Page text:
How will EE312H be different from EE312? Students in EE312H are expected to grasp the important, fundamental concepts from EE312 more quickly than the regular EE312 students. That provides me with the opportunity to take interesting detours into topics and questions that I can’t do in EE312. For example, we talk about how the stack works in EE312, but I never have a chance to explain how buffer overflows create security vulnerabilities in software. How do worms propagate themselves on the internet? So, EE312H will move at a faster pace than EE312. But, rather than speeding through the standard topics (and jumping ahead into EE422C), the EE312H class will cover a broader array of issues on each topic that we review (e.g, the stack). I think EE312H will make you a much more successful software developer, but you’re still going to need to take EE422C and EE360C to get all the material you’ll need.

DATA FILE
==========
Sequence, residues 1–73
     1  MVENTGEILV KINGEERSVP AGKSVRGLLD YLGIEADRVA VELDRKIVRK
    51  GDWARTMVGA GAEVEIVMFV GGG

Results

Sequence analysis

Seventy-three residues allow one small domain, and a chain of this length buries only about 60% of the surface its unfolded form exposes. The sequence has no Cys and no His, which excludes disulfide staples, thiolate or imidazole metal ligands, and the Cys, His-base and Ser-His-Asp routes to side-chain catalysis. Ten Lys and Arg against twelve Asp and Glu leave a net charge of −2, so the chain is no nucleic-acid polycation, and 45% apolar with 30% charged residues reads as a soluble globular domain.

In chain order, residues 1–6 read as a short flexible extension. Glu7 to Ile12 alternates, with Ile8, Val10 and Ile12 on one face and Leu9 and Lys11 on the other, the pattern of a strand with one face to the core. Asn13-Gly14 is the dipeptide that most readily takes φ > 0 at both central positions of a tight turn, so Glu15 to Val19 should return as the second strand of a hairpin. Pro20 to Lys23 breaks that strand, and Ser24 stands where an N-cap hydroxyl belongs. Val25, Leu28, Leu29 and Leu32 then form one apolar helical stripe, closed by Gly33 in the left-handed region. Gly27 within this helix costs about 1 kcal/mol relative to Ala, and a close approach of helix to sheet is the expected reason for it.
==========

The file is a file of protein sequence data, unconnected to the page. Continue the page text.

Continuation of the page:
Will EE312H be offered every semester? No, EE312 Honors will be offered only in the fall semester, at least for the next couple of years.
What will the EE312H workload be like? Programs will be, on average, twice as long and at least 50% more complex than the EE312 assignments. The exams will be hard, so students will likely want to invest considerable time to study and prepare for the exams. Overall, the increase in workload, for an average EE312 student, probably corresponds to an increase of 1 credit-hour worth of effort. For the target audience (the top students from EE319K), we don’t think that the workload in EE312H will be unreasonable for a three-credit course.